What do Stories Teach us about Change Management?

Posted by: in Communication, Communication Strategy, Culture, Thinking Creatively on October 1, 2014

One of the fundamental things about any story is change. Change that is irreversible. How do stories help drive our change management efforts to conclusion? How can these insights help inform our strategies?

1. The Beginning: Understand the context of change

The beginning context in any story is there to help the audience feel some empathy for the protagonist and gives a baseline of what the world looks like today. This empathy and context is important because the audience needs to make an emotional connection as well as understand how everything changes throughout the story. For an organization, this is where you evaluate the current state of your organization. This is the starting point of a change initiative and any story. By truly understanding the status quo within the organization and how that fits within the current external environment, you will be able to assess what it takes to move your stakeholders through the different stages of change to a compelling future.

  • What is the current state of the organization? What are its values?
  • What does the environment look like today? How will it evolve?
  • Who are your stakeholders?
  • Who are your informal drivers and barriers to change?
  • How does your vision jive with their worldview today?


2. Inciting Incident: Drive the organization to a tipping point

The inciting incident is an event that tips the story forward, and it brings up the inevitable final climax and resolution. In a story, it can be the scene where a protagonist learns the evil deeds of the antagonist, which basically places the showdown scene in the audiences mind as an inevitable scene. In a change initiative, this is the burning platform where your stakeholders recognize the point of no return. It can be a reveal of just how terrible your customers experience your service today. It can be a confrontation of where the future is going and how you are on a path to self-destruction. Whatever it is, you need a clear and compelling inciting incident to tip your stakeholders over and recognize that from here on out, the current state is no longer available for acceptance.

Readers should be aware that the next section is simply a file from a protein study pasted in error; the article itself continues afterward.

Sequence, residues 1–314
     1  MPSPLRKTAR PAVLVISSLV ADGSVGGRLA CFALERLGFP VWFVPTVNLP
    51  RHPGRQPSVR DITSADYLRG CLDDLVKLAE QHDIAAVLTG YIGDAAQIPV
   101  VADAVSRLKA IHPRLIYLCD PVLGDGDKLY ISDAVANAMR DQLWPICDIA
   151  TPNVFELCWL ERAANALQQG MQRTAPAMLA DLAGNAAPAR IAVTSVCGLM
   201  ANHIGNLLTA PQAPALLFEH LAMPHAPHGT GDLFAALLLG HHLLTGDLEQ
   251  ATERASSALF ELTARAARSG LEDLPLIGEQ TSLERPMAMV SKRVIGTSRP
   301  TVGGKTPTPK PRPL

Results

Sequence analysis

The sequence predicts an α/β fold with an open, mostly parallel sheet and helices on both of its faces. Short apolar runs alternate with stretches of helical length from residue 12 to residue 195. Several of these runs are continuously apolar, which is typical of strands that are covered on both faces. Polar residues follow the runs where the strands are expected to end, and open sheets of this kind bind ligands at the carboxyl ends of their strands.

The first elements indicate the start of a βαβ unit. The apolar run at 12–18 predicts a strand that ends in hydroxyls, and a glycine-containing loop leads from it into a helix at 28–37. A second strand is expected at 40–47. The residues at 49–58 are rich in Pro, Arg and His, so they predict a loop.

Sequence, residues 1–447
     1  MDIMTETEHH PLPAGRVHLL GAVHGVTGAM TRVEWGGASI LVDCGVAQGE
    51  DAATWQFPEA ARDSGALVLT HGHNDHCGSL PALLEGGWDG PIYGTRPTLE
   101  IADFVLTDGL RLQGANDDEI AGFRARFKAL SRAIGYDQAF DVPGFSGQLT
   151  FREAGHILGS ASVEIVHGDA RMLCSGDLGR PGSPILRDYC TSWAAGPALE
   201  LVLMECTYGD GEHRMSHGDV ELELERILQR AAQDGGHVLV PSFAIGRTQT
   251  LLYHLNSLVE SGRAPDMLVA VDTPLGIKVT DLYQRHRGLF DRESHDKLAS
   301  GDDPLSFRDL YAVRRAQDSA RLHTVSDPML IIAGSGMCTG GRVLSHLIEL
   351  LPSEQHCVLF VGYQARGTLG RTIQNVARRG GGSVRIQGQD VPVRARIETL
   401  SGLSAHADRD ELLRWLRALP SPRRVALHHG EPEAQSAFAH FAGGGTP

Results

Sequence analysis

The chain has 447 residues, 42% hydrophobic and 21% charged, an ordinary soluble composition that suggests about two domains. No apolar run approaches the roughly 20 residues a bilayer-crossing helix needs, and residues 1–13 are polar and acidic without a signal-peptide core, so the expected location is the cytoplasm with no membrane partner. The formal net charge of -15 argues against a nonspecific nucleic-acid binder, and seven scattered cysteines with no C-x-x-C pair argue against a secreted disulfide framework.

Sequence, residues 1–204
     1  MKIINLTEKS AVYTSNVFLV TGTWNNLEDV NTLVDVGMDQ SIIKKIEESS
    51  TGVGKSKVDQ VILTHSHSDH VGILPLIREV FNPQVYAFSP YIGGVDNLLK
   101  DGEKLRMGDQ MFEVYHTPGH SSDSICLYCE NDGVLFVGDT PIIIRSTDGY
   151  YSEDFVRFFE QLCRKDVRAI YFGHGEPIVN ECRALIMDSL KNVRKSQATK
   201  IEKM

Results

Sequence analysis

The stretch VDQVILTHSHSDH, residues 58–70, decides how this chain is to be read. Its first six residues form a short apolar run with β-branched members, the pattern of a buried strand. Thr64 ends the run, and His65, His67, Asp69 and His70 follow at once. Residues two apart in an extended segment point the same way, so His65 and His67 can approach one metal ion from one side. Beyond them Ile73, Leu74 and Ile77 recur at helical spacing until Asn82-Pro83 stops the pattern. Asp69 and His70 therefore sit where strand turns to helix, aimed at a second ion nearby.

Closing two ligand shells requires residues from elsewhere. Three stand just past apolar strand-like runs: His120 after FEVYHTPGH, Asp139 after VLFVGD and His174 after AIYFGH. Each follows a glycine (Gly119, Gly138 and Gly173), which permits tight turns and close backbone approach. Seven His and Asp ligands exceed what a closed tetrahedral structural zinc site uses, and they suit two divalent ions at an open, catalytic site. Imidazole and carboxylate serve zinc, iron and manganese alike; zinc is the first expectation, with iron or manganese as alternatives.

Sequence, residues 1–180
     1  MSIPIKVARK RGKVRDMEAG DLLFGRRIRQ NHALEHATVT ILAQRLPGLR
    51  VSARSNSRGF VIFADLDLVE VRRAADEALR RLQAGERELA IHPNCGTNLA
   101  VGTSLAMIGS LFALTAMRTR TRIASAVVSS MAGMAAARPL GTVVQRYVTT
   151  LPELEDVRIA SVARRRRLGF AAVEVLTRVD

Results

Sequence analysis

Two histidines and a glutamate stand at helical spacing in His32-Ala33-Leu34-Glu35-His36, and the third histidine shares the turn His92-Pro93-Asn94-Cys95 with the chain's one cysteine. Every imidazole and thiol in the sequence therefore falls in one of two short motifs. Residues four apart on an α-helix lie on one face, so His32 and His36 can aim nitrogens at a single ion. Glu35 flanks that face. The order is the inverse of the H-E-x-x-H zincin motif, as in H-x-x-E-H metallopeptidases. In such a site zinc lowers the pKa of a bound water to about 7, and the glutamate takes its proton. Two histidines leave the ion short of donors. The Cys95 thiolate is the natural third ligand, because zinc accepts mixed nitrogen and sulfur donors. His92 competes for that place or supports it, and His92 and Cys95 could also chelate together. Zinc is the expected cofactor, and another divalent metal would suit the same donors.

• What do you need to show your stakeholders in order to tip them to action?
  • What story will drive a compelling burning platform?
  • What will generate that emotion where the status quo has indeed vanished?


3. Conflict, Struggle and Growth: Anticipate and plan for must win battles

After the organization has accepted the inciting incident as a call for change, the next stage is really where the bulk of the work exists. This is the stage where your organization will face an onslaught of conflict and struggle. What will help fuel this to completion is growth. Just like your stakeholders, the protagonist in a story will fight bigger and bigger issues, with some successes and some failures. What is certain is that in order for completion of the story, the protagonist needs to grow. Skills improve, processes are tweaked. Inner demons are banished, new values are introduced into the culture. Your stakeholders, your organization will need to grow. Nothing will be fully figured out, but the fuel to continue is the capacity to grow and the ability to recognize that growth. They must see the results of this growth. On screen, the protagonist will clearly demonstrate and show this transformation, but in an organization, unless it’s shown to all stakeholders, it will largely be invisible.